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Bob Collins

1269th Engineer Combat Battalion
An Outline of its History

by William H. Allison

    The battalion was activated at Camp Chaffee, Arkansas on 30 March 1944.

    A senior cadre was organized under the command of Major Willard White.  In April a core unit of 18-year-old ASTP volunteers and Army Air Corps trainees arrived for five months of engineer basic training.  Many of that group were promoted to round out NCO cadre vacancies, after which replacements were brought in to fill the unit to T/O strength.  The battalion moved by train to Camp Kilmer, NJ, arriving 18 October 1944.

    The battalion sailed unescorted from New York harbor aboard a converted luxury liner, the SS Mariposa, on 27 October, docking in Marseille, France on 6 November 1944, after passing through a great storm.  The unit marched to CP 2, a Mistral-buffeted, miserably cold staging area near Aix-en-Provence, spending three weeks in advanced training, demolitions mostly (in which one trainee was killed), while waiting for equipment and vehicles.  The battalion was now part of the U.S. Seventh Army.

    On 29 November the battalion traveled by motor convoy to Nice, France.

    From 30 November 1944 to 23 March 1945 the battalion was attached to the 44th AAA Brigade, in support of the 442nd Regimental Combat Team (Japanese-American [Nisei] troops) and later the 65th Infantry Regiment (Puerto Rican troops) on combat duty in the Maritime Alps, on the southern Maginot Line above Nice and Menton.  In that time the 3rd platoon of Company A built a timber trestle bridge under fire, naming it in honor of Pfc. George I. Bernay, the first among our unit to be killed in action (7 Dec 1944).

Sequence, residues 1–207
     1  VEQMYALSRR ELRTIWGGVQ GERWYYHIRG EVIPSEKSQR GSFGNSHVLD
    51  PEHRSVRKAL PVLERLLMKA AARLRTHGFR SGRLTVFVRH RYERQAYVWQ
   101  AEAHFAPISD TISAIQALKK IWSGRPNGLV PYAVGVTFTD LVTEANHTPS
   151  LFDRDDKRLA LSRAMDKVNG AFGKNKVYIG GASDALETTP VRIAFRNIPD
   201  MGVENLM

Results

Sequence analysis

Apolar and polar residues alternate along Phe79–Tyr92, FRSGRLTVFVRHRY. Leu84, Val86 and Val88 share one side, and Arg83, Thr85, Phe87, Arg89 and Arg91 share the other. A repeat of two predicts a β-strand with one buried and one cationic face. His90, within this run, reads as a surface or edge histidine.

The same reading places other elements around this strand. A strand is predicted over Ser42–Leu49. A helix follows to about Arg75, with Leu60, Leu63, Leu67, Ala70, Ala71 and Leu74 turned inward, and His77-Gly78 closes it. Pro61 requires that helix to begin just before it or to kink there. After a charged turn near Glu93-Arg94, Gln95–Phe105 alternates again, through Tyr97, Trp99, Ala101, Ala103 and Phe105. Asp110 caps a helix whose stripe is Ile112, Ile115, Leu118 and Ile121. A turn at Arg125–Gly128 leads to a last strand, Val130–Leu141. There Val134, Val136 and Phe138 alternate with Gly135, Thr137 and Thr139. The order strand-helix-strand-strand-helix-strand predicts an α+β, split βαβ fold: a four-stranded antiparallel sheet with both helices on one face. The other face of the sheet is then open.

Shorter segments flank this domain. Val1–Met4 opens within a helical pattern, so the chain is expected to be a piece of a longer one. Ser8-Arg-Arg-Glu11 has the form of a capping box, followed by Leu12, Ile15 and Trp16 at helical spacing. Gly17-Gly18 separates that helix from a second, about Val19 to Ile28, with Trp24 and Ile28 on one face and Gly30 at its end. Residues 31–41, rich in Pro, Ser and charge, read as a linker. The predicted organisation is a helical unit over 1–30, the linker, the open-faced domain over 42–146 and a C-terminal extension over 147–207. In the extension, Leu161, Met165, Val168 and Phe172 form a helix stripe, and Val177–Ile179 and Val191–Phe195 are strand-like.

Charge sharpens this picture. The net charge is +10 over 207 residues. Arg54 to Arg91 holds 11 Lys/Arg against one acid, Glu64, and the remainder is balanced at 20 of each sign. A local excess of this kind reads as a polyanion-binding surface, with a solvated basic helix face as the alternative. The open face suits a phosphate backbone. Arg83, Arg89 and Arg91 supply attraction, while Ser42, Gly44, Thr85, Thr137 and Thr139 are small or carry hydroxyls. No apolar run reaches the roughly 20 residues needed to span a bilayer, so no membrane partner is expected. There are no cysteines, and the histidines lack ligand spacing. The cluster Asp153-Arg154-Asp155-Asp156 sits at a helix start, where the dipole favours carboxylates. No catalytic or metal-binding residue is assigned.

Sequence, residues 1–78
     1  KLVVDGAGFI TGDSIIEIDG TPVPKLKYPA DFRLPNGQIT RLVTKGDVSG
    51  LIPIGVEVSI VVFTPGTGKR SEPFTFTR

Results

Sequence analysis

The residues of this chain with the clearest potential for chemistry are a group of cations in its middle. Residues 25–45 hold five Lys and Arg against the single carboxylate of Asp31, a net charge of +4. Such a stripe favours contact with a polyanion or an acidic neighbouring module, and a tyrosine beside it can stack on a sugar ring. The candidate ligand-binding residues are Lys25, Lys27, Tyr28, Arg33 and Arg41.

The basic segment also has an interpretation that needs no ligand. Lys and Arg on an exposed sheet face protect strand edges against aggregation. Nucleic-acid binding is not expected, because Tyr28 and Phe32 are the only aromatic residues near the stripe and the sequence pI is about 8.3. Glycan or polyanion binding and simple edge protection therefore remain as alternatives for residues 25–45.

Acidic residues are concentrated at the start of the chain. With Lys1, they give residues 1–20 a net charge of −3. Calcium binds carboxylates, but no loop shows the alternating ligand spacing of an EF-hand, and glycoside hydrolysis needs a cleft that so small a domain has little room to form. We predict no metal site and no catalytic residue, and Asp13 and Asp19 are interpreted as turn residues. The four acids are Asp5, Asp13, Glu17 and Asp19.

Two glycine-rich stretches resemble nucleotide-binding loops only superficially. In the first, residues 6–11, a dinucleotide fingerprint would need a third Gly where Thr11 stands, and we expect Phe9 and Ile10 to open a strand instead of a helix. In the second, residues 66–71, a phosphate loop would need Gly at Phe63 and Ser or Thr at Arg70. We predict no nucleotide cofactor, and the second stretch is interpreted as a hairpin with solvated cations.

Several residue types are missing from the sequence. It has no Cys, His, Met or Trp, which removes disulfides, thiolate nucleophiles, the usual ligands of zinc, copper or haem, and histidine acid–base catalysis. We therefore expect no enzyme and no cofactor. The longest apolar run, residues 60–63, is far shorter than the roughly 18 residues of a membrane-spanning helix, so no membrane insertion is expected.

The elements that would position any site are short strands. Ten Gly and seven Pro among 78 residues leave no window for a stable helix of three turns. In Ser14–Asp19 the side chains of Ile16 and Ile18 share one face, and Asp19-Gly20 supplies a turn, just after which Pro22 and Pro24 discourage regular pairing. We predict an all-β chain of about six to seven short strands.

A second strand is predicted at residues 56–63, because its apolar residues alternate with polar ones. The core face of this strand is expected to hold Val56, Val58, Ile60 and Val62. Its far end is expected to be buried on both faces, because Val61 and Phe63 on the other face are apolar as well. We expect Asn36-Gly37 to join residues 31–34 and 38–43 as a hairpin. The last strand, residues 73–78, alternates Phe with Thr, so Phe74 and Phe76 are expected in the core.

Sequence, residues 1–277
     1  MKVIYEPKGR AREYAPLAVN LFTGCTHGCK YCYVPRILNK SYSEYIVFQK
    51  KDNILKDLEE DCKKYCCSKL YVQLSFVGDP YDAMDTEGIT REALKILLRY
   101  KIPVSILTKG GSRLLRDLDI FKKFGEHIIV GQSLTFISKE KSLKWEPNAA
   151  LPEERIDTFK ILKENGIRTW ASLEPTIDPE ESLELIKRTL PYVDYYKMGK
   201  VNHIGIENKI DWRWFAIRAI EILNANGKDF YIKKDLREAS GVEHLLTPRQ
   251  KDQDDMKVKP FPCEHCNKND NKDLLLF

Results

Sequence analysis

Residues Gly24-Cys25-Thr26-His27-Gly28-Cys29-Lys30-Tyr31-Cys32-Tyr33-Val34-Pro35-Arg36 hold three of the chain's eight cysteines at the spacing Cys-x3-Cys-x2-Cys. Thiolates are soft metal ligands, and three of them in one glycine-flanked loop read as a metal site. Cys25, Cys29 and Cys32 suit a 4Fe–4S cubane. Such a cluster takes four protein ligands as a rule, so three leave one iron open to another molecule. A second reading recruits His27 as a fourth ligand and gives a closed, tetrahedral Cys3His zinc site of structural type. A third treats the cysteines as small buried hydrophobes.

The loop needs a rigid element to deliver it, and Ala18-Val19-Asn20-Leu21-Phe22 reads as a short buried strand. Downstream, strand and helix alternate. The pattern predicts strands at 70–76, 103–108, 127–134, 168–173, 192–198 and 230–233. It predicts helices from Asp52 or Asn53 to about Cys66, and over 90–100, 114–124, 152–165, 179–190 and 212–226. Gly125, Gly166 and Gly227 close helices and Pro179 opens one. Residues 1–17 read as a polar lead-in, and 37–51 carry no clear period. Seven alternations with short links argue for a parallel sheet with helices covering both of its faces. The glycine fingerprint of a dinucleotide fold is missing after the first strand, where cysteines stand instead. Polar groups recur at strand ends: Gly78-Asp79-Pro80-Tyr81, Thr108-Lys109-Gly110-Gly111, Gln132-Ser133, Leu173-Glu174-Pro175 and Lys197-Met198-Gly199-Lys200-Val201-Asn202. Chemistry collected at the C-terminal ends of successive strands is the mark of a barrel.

Company A line platoons were located at Peira Cava, St. Martin Vesubie, and La Bollene--engaged in minefield work, demolitions, bridge building, road work, patrol activities and other combat engineer assignments, confronting the enemy-held forts Mille Fourches and La Forca, on the Alpine heights of l'Authion above the Turini forest.  HQ units were in Nice and St. Martin-du-Var.  Early in March 1945 Company A units were pulled back to duty on the Côte d'Azur, guarding key points on the shore between Nice and Menton.

    Company B units were in Menton and Sospel and Company C was at Nice and l'Escarene.  Battalion HQ was located at Beaulieu-sur-Mer.

    On 18 March 1945 the battalion began the move from Southern France to Germany, going by way of Montelimar, Lyon, Dijon, Rosieres-aux-Salines, and Sarreguemines, France, reaching the battle front at Frankenthal, Germany on 23 March 1945.

    Operating under the command of the 6th Army Group T-Force (an intelligence assault force) the battalion advanced to the Rhine River at Ludwigshafen on 24 March under a heavy artillery barrage, seizing and holding T-Force targets at the I. G. Farben factory and elsewhere in the city.  At 08:00 on 29 March the battalion left Ludwigshafen, crossed the Rhine on the Seventh Army's pontoon bridge near Worms, and advanced to T-Force targets in Mannheim.  The battalion moved with the battle front in the weeks thereafter, rushing forward with assault forces to secure vital intelligence targets with their records, equipment, and personnel intact.  Heidelberg, an open city, was entered on 1 April--the Kaiser Wilhelm Institute being a main target there.  Würzburg was next (10 April), then Heilbronn (16 April), and on 22 April the column brushed the outskirts of Stuttgart, heading for the Black Forest.

    The 1269th was now functioning as the combat arm of the Alsos Mission, a Military Intelligence assault force commanded by Colonel Boris Pash, which was directed against the Nazi atomic weaponry program.  In the final rush to seize the German atomic research center at Haigerloch, Alsos and the 1269th ECB, less Company B, crossed through the French First Army's spearhead column (which was moving on Sigmaringen and Stuttgart, contrary to Sixth Army Group command).